Twitch Will Deploy an “Appeal” Button

TwitchTwitch has been making lots of controversial changes lately, and this has not gone unnoticed by the gaming community. The addition of a new Audio Recognition System has been problematic. The system has been improperly flagging some audio that was cleared through creative commons (and therefore, should not have been flagged at all). After much outcry, Twitch has stated that it will deploy an “Appeal” button.

In short, the purpose of the Audio Recognition system was to identify music that has a copyright and that was used in videos on Twitch that are available on demand. (They call those “Video on Demand” or VOD). Twitch partnered with Audible Magic.

When the Audio Recognition system identifies music that is in the Audible Magic database, it automatically mutes the portion of the video on demand in which that music appears. (The Audio Recognition system is not being used on videos that are streamed live on Twitch.) It can scan 30 minute blocks of a video. If third party audio is detected anywhere in the 30-minute scanned block, the entire 30 minutes will be muted.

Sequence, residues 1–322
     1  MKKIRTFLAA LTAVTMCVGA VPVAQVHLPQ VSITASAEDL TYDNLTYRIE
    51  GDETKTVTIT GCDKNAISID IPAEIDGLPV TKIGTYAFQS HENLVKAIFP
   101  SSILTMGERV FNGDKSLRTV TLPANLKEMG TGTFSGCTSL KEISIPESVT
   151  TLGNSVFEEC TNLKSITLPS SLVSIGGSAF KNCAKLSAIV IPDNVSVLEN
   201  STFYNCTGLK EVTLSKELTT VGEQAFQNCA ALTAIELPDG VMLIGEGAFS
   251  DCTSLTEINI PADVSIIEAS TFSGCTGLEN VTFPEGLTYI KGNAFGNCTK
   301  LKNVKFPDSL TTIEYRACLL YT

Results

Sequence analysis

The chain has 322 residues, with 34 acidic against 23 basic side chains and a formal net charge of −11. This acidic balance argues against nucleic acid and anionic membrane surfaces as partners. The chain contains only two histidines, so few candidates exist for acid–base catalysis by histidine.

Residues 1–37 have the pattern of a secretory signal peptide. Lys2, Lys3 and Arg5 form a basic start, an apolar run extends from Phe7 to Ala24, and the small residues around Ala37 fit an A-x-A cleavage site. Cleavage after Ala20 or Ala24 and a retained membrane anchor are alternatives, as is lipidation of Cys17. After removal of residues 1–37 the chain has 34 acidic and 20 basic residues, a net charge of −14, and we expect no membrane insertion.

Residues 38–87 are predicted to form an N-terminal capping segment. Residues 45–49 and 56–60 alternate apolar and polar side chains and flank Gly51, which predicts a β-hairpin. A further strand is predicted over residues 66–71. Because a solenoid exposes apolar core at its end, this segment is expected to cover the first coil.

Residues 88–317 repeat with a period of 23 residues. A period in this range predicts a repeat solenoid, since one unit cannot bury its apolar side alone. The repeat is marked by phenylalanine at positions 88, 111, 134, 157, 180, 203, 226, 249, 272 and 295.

Twitch explains it this way on their blog:

“We’ve partnered with Audible Magic, which works closely with the recorded music industry, to scan past and future VODs for music owned and controlled by clients of Audible Music. This includes in-game and ambient music. When music in the Audible database is detected (“Flagged Content”), the affected portion of the VOD will be muted and the volume controls for that VOD will be turned off. Additionally, past broadcasts and highlights with Flagged Content are exportable but will remain muted.”

This new addition to Twitch is very similar to what YouTube is using to identify audio that has a copyright and that has been used in videos that appear on YouTube. Both systems have returned “false positives” and flagged things that should not have been flagged. As such, Twitch is deploying an “appeal” button for the VODs that have been incorrectly flagged for copyrighted music.

I suspect this is not going to be enough to appease gamers who have had their audio muted without warning when all they were doing was streaming the ambient music that is in a video game. It’s not going to go over well with gamers who have had 30 minutes of their audio muted because they played one 2 or 3 minute song that had a copyright on it, either.